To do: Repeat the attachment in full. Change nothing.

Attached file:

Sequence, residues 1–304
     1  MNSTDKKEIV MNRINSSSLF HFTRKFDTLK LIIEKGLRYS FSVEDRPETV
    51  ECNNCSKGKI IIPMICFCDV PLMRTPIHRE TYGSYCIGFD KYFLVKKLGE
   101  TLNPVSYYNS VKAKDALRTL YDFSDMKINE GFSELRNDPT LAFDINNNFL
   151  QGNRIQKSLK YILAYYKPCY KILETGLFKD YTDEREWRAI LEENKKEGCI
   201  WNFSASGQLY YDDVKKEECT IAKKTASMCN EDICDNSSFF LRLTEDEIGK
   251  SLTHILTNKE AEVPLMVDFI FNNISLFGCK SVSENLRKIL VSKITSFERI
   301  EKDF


Sequence, residues 1–304
     1  MNSTDKKEIV MNRINSSSLF HFTRKFDTLK LIIEKGLRYS FSVEDRPETV
    51  ECNNCSKGKI IIPMICFCDV PLMRTPIHRE TYGSYCIGFD KYFLVKKLGE
   101  TLNPVSYYNS VKAKDALRTL YDFSDMKINE GFSELRNDPT LAFDINNNFL
   151  QGNRIQKSLK YILAYYKPCY KILETGLFKD YTDEREWRAI LEENKKEGCI
   201  WNFSASGQLY YDDVKKEECT IAKKTASMCN EDICDNSSFF LRLTEDEIGK
   251  SLTHILTNKE AEVPLMVDFI FNNISLFGCK SVSENLRKIL VSKITSFERI
   301  EKDF